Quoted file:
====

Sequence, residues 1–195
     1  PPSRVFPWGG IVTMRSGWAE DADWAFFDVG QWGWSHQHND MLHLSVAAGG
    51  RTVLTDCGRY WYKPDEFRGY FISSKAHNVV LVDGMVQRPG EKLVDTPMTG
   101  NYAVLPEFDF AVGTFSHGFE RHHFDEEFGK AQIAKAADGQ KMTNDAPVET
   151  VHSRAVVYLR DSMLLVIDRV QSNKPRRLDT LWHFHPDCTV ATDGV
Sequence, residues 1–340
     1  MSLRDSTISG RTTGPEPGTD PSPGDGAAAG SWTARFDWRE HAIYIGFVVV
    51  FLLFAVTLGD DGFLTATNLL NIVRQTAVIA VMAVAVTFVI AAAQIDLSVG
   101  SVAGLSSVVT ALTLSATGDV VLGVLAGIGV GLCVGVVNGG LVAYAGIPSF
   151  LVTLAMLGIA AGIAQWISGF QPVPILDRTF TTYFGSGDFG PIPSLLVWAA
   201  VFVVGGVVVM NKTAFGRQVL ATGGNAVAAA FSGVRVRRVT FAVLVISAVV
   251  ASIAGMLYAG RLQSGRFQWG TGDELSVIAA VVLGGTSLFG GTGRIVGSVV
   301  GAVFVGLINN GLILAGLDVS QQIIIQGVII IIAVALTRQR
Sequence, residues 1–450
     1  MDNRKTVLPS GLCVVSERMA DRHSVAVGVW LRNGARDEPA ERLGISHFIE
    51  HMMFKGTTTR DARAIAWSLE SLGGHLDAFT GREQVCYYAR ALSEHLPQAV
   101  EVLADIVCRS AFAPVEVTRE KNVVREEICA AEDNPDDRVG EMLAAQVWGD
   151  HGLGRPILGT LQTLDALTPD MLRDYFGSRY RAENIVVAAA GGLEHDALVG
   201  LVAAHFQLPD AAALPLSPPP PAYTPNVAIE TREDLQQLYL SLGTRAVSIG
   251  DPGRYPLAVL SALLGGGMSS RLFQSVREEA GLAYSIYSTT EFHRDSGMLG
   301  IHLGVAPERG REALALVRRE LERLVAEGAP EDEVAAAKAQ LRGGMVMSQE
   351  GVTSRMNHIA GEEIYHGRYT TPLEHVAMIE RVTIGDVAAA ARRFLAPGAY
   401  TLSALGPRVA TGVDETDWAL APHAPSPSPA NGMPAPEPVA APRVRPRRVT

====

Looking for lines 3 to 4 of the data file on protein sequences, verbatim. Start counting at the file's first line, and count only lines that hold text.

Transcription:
    51  RTVLTDCGRY WYKPDEFRGY FISSKAHNVV LVDGMVQRPG EKLVDTPMTG
   101  NYAVLPEFDF AVGTFSHGFE RHHFDEEFGK AQIAKAADGQ KMTNDAPVET